SHIGAKU ZASSHI
Online ISSN : 2424-2616
Print ISSN : 0018-2478
ISSN-L : 0018-2478
Volume 123 , Issue 3
Showing 1-23 articles out of 23 articles from the selected issue
  • Type: Cover
    2014 Volume 123 Issue 3 Pages Cover1-
    Published: March 20, 2014
    Released: July 31, 2017
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  • Type: Cover
    2014 Volume 123 Issue 3 Pages Cover2-
    Published: March 20, 2014
    Released: July 31, 2017
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  • Junji HASEGAWA
    Type: Article
    2014 Volume 123 Issue 3 Pages 333-371
    Published: March 20, 2014
    Released: July 31, 2017
    JOURNALS FREE ACCESS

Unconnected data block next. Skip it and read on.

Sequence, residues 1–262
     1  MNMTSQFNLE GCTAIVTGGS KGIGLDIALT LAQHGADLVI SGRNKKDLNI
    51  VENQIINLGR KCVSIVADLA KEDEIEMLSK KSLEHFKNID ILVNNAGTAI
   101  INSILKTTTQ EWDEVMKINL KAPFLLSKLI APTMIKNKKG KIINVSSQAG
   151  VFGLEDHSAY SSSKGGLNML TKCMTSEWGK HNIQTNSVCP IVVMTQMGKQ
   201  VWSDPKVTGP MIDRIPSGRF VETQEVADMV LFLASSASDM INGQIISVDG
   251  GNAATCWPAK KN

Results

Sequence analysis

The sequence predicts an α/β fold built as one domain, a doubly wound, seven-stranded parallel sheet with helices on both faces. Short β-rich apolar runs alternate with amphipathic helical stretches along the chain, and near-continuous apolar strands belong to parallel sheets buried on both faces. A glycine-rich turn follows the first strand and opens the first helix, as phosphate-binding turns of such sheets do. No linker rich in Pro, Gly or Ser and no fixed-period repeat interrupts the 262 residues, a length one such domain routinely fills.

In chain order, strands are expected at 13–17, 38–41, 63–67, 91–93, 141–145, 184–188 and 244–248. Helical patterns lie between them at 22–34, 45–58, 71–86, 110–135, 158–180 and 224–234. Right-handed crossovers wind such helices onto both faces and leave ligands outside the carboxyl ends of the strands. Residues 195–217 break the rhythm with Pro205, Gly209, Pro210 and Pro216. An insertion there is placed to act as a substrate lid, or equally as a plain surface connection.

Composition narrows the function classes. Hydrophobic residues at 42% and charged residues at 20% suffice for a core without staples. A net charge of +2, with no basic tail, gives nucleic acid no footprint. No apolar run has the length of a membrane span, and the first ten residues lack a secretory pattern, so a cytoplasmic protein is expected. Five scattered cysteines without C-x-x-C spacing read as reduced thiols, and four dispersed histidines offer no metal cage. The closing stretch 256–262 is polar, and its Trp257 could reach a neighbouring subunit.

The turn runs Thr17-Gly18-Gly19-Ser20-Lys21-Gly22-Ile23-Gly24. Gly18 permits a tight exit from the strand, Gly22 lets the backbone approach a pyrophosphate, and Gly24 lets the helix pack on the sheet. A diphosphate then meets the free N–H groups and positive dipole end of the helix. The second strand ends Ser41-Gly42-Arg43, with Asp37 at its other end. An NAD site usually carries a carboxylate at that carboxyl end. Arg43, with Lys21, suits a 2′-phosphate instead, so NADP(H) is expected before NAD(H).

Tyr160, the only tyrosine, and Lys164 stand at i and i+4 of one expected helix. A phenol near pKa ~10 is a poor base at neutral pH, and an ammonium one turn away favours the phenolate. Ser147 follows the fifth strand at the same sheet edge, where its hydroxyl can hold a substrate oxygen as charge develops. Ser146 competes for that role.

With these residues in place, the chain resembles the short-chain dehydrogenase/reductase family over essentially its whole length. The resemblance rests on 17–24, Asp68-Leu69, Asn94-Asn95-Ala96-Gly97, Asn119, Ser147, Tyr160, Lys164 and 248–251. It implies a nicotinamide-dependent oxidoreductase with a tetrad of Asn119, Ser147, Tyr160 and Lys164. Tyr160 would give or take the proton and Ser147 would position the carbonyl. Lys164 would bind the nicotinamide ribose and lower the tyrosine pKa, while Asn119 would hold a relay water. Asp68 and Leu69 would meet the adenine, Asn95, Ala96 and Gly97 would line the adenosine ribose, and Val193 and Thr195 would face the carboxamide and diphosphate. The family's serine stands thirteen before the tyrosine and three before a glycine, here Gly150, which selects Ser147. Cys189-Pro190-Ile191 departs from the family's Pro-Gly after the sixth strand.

The changes that have occurred in the course of the Yellow River over the ages has been considered to be an important theme in the historical geography of China, and many researchers have conducted studies of the subject using various methods. The various explanations in the extant bibliographic sources about river course change in dynastic China were first summarized during the early Qing period by Hu Wei in his Yugong Zhuizhi 禹貢錐指 (Brief Study of "Tribute of Yu"), which proposed that major changes had occurred in the River's course. Hu's argument then formed the basis of various opinions that six or seven significant changes had occurred leading up to the existing course as of 1855, in such works as Zhongguo Lishi Ditu Ji 中国歴史地図集 (Collected Historical Maps of China) and Huanghe Zhi 黄河志 (Gazetteer of the Yellow River). In particular, as to the pre-Eastern Han era, all argued that the river's course had changed twice: one being observed during the Warring States period in the fifth year of the reign of Eastern Zhou King Ding (602 BC), the other occurring between the third year Wang Mang's Xin Dynasty (11 CE) and the 13 year of the reign of Later Han Emperor Ming (70 CE), in The flood control works of Wangjing 王景. However, as observed in Yugong Shanchuan Dilitu 禹貢山川地理図 (Geographical Maps of "Tribute of Yu") by Cheng Dachang 程大昌 of the Southern Song Dynasty, there was in pre-Ming Dynasty times a great deal of emphasis placed on the river course change project named after Provincial Governor Donqui 頓丘 in the third year of the reign of Former Han Emperor Wu (132 BC), while no mention is given to the Wangjing Project. The author has elsewhere reconstructed via remote sensing data the old course of the Yellow River between the Warring States and Former Han Periods and has shown, based on that reconstruction and micro upland topography, the changes that occurred in the river near Liaocheng, Shandong Province in 132 BC. In the present article, the author reexamines the traditional discourse concerning the changes that occurred up through the Latter Han Period, based on his previous findings. In addition, there is also information in the Hanshu's 漢書 "Gouzu Zhi" (Treatise on Canals and Rivers) section about the first Yellow River levee of the Warring States period, which Kimura Masao argues signifies the existence of state-operated irrigation projects in the lower reaches of the Yellow River, indicating one basic condition of ancient Chinese despotism. However, the author's reconstruction of the ancient river course and the present topographical data concerning the region shows these levies to have been formed by the Yellow River naturally, making it very difficult to concur with the conventional discourse that large scale irrigation projects were already underway in the lower Yellow River basin as early as the Warring States period.